Gemini Theater Company celebrates 25 years of safe, accessible fun
Actors perform in a recent production of Gemini’s version of ‘The Little Prince’.
By Alice Crow
Since Gemini Theater Company’s move to McKees Rocks in 2016, staff members like Executive Director Jill Jeffrey have been working to spread the word about the company, especially to its new neighbors who may be unaware of the nonprofit.
Founded by Creative Director Lani Cataldi and Marketing and Development Director Dennis Palko in 1996, Gemini is an interactive children’s theater that offers performances, camps and classes. Through scholarships, discounts and payment plans, Gemini’s staff is looking to connect with residents of the Sto-Rox community.
Jeffrey began at Gemini in 2004, when the company was located in The Factory on Penn Avenue in Pittsburgh. In 2015, a member of the Gemini board of directors, Mark Snyder, who lives in McKees Rocks, connected with director Cindy Haines of Focus on Renewal. The Sto-Rox non-profit is dedicated to providing support to the 13,000 residents of Sto-Rox through programs for all ages aimed toward the development of healthy minds, bodies and spirits.
By the end of the year, Gemini was relocated to its new home at the Ryan Arts Center on Chartiers Avenue in McKees Rocks.
Despite being marketed as a children’s theater, there are opportunities available at Gemini for children of all ages. While many of the interactive shows are geared toward young children, older kids and teens can still be a part of the Gemini experience.
“They can audition for shows and they can work on shows with lights or sound,” Jeffrey said. Internships, volunteer work and donations are also options to those wanting to get involved.
“We’re here primarily to help educate and make it an inclusive environment for kids through high school, as well as for families who might feel that what’s being presented by other places didn’t speak to them,” she explained.
This effort to be inclusive is one of the core values of the nonprofit. This is often reflected in the types of productions they create. The company takes fairytales or classic stories and places a ‘Gemini-twist’ on these shows to subvert common tropes and teach larger moral lessons.
A recent show produced by Gemini was a version of “The Little Prince” written by Jeffrey and her intern Ross Ringold who has autism. In an interview with Jeffrey to promote the project, Ringold explained that he was drawn to the story in a Gemini acting class and focused the show on the importance of coping mechanisms when facing upsetting emotions.
“[Coping skills] are not just important for those with special needs but they’re important for everyone to learn about and that’s what my message is,” Ringold said.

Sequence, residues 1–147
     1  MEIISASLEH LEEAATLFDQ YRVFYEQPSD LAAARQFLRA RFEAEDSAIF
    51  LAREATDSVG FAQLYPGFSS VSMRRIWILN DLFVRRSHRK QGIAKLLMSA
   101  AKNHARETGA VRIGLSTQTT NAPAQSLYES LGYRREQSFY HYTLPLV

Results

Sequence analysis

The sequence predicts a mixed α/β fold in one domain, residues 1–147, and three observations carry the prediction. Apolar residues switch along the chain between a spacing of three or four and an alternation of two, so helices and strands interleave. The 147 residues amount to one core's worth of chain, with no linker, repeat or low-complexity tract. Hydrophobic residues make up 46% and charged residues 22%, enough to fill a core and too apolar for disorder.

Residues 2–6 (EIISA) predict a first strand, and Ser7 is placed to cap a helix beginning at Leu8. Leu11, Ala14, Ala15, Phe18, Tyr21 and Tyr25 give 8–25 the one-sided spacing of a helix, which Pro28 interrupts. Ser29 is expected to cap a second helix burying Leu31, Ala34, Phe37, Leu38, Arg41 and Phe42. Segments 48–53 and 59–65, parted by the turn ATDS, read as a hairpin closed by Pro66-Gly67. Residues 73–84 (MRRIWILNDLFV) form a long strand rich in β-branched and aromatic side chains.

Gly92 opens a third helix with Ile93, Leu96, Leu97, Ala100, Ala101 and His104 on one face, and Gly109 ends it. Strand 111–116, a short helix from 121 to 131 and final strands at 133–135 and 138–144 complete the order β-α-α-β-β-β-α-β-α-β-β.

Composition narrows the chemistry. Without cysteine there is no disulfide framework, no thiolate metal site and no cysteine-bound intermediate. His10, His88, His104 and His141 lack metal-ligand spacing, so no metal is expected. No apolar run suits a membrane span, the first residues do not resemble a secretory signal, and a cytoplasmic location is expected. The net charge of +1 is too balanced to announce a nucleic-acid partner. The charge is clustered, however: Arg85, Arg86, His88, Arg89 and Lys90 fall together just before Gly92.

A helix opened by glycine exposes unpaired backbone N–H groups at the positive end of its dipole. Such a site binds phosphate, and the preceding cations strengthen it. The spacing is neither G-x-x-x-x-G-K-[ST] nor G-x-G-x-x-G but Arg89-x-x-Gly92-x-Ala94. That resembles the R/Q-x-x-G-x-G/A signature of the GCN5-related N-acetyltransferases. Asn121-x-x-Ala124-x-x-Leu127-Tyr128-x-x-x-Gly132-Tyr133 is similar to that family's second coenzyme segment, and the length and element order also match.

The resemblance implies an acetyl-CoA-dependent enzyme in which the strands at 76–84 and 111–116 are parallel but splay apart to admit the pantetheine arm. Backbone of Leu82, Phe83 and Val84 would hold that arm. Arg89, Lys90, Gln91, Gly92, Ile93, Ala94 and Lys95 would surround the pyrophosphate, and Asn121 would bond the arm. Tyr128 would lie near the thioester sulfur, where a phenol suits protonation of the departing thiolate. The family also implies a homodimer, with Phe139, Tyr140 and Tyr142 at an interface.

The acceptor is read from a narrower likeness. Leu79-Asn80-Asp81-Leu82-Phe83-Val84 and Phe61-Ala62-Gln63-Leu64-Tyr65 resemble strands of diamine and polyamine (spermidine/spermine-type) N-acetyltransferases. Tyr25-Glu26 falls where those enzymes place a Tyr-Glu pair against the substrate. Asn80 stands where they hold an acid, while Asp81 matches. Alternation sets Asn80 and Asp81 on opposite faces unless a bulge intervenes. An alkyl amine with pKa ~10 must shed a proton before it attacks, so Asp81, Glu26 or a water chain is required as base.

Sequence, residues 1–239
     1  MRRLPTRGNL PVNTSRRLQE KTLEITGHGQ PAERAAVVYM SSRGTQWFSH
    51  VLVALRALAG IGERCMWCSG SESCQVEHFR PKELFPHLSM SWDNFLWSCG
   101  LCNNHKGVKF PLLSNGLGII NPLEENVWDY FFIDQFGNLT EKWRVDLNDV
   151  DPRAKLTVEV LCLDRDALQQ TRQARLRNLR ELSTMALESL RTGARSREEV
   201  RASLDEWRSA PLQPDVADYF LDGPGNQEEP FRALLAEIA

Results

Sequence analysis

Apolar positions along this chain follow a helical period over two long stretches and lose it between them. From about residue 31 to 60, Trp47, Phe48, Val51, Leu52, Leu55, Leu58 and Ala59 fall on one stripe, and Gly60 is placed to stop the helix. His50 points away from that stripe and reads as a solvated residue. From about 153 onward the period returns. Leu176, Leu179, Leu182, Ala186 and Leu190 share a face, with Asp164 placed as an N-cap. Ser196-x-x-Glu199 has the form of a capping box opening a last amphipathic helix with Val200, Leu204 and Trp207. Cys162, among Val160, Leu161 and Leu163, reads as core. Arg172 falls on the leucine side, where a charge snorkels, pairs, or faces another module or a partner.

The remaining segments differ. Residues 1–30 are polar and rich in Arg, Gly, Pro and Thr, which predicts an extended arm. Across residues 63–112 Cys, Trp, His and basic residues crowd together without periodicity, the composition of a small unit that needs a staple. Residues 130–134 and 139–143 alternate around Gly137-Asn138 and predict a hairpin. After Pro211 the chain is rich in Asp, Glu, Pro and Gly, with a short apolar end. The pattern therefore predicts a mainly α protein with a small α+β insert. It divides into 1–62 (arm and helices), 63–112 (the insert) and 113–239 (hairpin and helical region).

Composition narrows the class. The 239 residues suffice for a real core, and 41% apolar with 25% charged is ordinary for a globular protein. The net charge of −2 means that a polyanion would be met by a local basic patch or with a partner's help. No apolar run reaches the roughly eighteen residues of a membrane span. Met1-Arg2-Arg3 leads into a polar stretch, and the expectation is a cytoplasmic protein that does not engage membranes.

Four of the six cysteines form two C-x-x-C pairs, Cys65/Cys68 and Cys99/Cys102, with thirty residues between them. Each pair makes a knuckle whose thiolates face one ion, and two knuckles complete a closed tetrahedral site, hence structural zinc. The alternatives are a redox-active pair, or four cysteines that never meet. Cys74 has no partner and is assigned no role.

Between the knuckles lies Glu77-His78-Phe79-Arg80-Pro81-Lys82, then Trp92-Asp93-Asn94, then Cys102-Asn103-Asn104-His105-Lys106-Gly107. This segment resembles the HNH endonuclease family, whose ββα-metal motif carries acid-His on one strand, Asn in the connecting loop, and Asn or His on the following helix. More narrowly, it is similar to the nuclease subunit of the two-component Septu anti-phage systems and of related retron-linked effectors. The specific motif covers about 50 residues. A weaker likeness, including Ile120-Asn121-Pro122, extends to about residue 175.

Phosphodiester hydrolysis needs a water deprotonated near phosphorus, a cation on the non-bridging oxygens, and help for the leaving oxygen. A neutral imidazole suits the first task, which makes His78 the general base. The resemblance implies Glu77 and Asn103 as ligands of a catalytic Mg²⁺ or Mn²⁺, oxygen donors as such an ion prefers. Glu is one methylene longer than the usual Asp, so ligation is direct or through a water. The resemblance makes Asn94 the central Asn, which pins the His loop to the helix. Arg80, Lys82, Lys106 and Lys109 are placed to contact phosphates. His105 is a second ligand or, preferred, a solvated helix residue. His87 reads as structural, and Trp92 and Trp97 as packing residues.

Ringold is one of many who has been a part of the Gemini community for over a decade. Stephanie Cryor first auditioned for the Gemini show “Journey Back to Oz” around 2004 and has been involved with the theater company in some capacity ever since. She now teaches acting classes for Gemini.
“I was cast as the tin man. I had been doing theater for a long time before that, but Gemini was so very different. It blew my world right open,” Cryor said.
Diversity is another core principle of the theater company’s mission.
“There isn’t one type of person who has to play certain roles or a type of person that can work on shows, this is for everyone,” Jeffrey said. “I know when we first moved into this neighborhood, some of the kids I met were just immediately like, ‘Well, I couldn’t be Alice in Wonderland because I’m not a white blonde girl’ and I was like, ‘So what?’ Alice can be a banana walking around. It can go any way you want it to.”
As a Black, bi-racial person, Cryor describes her experience with Gemini as always being a safe space and accessible.
“Gemini has gotten even better over the years, which encourages young kids of color to be part of the theater scene, whereas when I was younger, I was definitely one of very few,” Cryor said. “Now I think it has to do with families not knowing that they can access these programs.”
Despite the move being a couple years ago, Jeffrey still sees a combination of barriers that has prevented community participation to grow to its full potential. She believes this includes misconceptions about the company, lack of awareness, and stigma surrounding the performing arts.
“I would say that the higher percentage [of participants] is still coming from outside the community and I think part of it is still not everyone realizing that we’re here or that we have this service,” Jeffrey said.